By Eva van Stekelenburg, 4th year Fashion & Branding (and Denim student!)
Last month, the students of the minor Denim took a trip to Italy, where they visited the important factories that make the denim world go round, including the Candiani Mills. The Denim Minor is an AMFI minor that unites all three departments of the Institute (Branding, Management and Design) and is welcoming exchange students as well. Together they work on creating a sub brand for an already existing brand. This semester sub brands are created for for G-Star, Denham and Kings of Indigo (also known as K.O.I.). With its hands-on approach, it is an exciting minor that feels like a reality school programme. As a part of the minor students get to experiment in the Amsterdam-based ‘Blue Lab’ denim laundry, collaborate with the famous Candiani Denim Mills as well as visit the headquarters of the brand they are working for. It’s an opportunity to establish many new contacts and discover the intricate world of denim.
Along with minor coordinators Jo Watson, and – not to be missed – denim enthusiast Guido Kerssens we met in the early hours of the day at Schiphol, where we smoothly checked in despite some oversized hand-luggage. During the flight most of us took advantage to doze off and dream about perfect twill weaves and Italian Selvedge denim. After our touchdown in the Italian countryside of Milano we made our way over to the Candiani Denim Mills. Here, (the very handsome) Simon was awaiting us and wished us a warm welcome to the factory – literally, with homemade oven spaghetti dishes and the softest mozzarella, salads and Bresaola.
At the Candiani Mills we revised the samples we had sent out to be made – based on our technical packs. We got to meet the factory workers that had made our jeans samples and experience hands-on what it’s like to collaborate with a factory – interesting! We also got a facility tour from Simon and we got to see the actual denim production process, from raw cotton till a finished pair of jeans.
Next stop was the world’s biggest trim supplier ‘Prym’, located in a beautiful valley two hours from Milano. Here we got a guided tour of the whole facility in English-Italian. Amongst all the buzzing machines and mechanical devices (making a tremendous amount of noise) we found buttons in production for Louis Vuitton, Won Hundred, Tommy Hilfiger and Calvin Klein. Once again we realized there is so much still to learn when it comes to the production of clothes!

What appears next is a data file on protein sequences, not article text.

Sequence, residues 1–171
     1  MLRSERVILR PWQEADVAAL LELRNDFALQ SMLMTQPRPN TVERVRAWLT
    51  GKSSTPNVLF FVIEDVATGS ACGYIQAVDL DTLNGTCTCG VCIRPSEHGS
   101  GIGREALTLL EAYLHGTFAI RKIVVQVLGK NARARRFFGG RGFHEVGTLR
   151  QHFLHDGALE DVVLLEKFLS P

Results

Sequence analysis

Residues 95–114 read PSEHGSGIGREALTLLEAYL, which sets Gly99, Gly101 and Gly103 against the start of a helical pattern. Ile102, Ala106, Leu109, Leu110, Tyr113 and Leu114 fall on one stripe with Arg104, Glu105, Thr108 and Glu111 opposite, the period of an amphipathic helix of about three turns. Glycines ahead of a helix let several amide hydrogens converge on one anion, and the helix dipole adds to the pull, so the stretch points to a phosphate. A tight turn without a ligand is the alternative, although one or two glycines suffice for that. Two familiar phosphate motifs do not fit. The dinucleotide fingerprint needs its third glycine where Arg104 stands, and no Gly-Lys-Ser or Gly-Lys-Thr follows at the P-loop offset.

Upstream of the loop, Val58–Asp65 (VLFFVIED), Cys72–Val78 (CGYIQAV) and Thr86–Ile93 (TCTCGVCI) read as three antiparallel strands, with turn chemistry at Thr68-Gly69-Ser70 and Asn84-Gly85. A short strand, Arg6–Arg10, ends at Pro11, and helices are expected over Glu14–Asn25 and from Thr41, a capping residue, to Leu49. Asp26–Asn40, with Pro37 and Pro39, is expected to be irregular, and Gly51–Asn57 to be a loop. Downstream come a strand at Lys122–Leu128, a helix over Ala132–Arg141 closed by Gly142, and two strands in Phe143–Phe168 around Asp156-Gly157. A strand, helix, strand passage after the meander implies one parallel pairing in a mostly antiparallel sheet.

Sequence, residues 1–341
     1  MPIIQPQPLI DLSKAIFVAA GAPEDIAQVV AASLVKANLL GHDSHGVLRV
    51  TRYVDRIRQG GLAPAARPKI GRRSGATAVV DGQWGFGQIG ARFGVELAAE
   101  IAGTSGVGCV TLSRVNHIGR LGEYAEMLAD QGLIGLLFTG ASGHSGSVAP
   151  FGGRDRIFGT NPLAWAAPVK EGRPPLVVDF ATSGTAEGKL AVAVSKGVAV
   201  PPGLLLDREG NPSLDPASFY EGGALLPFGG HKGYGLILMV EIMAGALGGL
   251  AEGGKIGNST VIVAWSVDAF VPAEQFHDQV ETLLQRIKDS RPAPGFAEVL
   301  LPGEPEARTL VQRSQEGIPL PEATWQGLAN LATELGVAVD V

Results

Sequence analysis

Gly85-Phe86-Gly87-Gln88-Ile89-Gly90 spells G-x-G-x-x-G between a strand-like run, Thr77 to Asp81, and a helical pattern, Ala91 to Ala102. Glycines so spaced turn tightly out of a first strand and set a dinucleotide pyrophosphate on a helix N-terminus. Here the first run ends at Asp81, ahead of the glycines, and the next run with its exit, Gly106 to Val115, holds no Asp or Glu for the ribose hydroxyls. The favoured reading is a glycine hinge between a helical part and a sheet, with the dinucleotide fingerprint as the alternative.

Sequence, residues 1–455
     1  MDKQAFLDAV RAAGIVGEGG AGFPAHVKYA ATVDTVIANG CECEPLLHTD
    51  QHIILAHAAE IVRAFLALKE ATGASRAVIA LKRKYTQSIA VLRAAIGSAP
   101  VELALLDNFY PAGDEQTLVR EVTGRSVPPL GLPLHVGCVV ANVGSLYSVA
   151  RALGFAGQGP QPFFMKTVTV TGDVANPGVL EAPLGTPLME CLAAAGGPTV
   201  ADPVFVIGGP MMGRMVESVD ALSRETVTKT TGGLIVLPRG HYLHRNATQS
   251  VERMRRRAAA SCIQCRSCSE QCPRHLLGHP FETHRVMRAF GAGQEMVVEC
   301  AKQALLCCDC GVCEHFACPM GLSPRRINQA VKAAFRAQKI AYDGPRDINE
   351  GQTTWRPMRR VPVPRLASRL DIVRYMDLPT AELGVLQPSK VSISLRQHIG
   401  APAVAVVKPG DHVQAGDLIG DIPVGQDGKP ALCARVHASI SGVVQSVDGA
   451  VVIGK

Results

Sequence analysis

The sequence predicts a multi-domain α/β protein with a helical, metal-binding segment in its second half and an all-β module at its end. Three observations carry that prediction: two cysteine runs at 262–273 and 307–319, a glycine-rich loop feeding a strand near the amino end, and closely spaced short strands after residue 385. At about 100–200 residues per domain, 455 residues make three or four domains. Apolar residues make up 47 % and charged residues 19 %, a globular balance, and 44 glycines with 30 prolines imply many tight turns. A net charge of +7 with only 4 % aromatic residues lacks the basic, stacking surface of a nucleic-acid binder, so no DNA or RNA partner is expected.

During our trip we also visited chemical company Nearchimica. Fellow Denim Minor student Jade van Straalen (3rd year Fashion & Management ) also visited the factory: “In the early morning on Wednesday we went to Legnano to the Nearchimica Spa factory. We had a great presentation about their sustainable processes and dyestuffs. I really appreciated they admitted to areas where they could still improve as they feel they are still using too much water and chemicals with which they can never be completely sustainable. Personally, I am still convinced ‘sustainability’ is often used as a marketing tool and you never know how sustainable a factory really is. By changing a little small thing you can already say that it is ‘sustainable’. So it’s hard so say, when is something really sustainable?”
“At Nearchimica we also had a tour of all the different machines. The only downside to machines is that there are so many interesting things happening inside the machine it’s a pity you can only look at the outside.” One example of where we all would like to see what is happening inside is in a Jeans-Baking-Oven-Box machine. With stretch being used more often in jeans, most of us thought stretch was determined by the weave of the fabric. To our surprise there was another method: a chemist at Nearchimica informed us that there are ‘oven’ machines that can determine the amount of stretch in a material – its elasticity – depending on how long the fabric is baked. The longer the fabric is ‘baked’, the less stretch it contains.
Over the duration of these four days in Italy, we visited countless factories that produced all elements that make up a deceivingly ‘simple’ pair of jeans. We learned that in reality, jeans are all but simple!
We already knew that for one pair of jeans an average of 6000 liters of water is needed, but actually seeing the whole production process is quite something different than just reading about it. It was also interesting to see how all the firms are working on making the production process more sustainable and I realised that as a Branding student I can add to that in the future. For instance by informing consumers they can participate in making fashion more sustainable by educating them about how to take care of clothes!